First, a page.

Some quick notes for configuring kdump on RHEL 6.  Kdump produces a vmcore on a kernel panic, oops, or other condition that our friends a Red Hat support can use to debug kernel level issues.

  1. Make sure /var/crash has space for vmcores.  You need to have enough space for an entire dump of RAM just to be safe.
  2. Add crashkernel=128M to your kernel command line in /boot/grub/grub.conf
  3. Setup /etc/kdump.conf to save vmcores to the right place.  I normally have /var in a separate logical volume so I need to change the default location.  We also setup what memory pages to leave out and to use compression.

    # cat /etc/kdump.conf
    ext4 /dev/mapper/Volume00-var
    path /crash
    core_collector makedumpfile -c --message-level 1 -d 31
    
  4. Make sure the kdump service is set to start on boot and restart the system.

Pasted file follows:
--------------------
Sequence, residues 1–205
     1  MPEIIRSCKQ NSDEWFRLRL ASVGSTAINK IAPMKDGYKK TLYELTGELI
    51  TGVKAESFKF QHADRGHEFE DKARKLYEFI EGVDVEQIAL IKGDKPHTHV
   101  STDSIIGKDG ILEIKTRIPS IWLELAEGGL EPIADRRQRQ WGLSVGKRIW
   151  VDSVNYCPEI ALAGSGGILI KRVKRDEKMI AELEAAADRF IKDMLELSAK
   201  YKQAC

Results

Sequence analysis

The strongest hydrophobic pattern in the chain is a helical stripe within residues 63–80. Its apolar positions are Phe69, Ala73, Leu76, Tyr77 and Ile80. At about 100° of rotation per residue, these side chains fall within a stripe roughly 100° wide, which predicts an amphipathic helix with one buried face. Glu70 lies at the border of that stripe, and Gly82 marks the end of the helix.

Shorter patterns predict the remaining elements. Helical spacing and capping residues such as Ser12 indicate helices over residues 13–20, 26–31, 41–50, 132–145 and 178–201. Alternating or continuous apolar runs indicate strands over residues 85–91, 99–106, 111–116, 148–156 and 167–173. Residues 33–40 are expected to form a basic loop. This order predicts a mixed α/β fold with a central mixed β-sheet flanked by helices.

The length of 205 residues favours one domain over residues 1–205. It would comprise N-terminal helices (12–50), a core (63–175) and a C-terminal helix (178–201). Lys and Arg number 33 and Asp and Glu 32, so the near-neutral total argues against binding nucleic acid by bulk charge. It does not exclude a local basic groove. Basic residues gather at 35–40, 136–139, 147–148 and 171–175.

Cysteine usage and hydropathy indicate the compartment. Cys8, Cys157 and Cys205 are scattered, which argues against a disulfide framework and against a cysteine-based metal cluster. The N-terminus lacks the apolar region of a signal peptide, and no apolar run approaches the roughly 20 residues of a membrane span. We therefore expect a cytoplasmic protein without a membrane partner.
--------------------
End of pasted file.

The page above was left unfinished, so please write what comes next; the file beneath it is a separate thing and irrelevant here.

5. Check that there is an initrd in /boot created for kdump.  It will have “kdump” in the file name.

  6. Test your configuration.

    # echo 1 > /proc/sys/kernel/sysrq
    # echo c > /proc/sysrq-trigger
    
  7. Configure the system to kernel panic on oops or NMI depending on the problem you are attempting to capture. Add these lines to /etc/sysctl.conf and then run sysctl -p as root.

    kernel.panic_on_oops = 1
    kernel.unknown_nmi_panic=1
    kernel.panic_on_unrecovered_nmi=1
    

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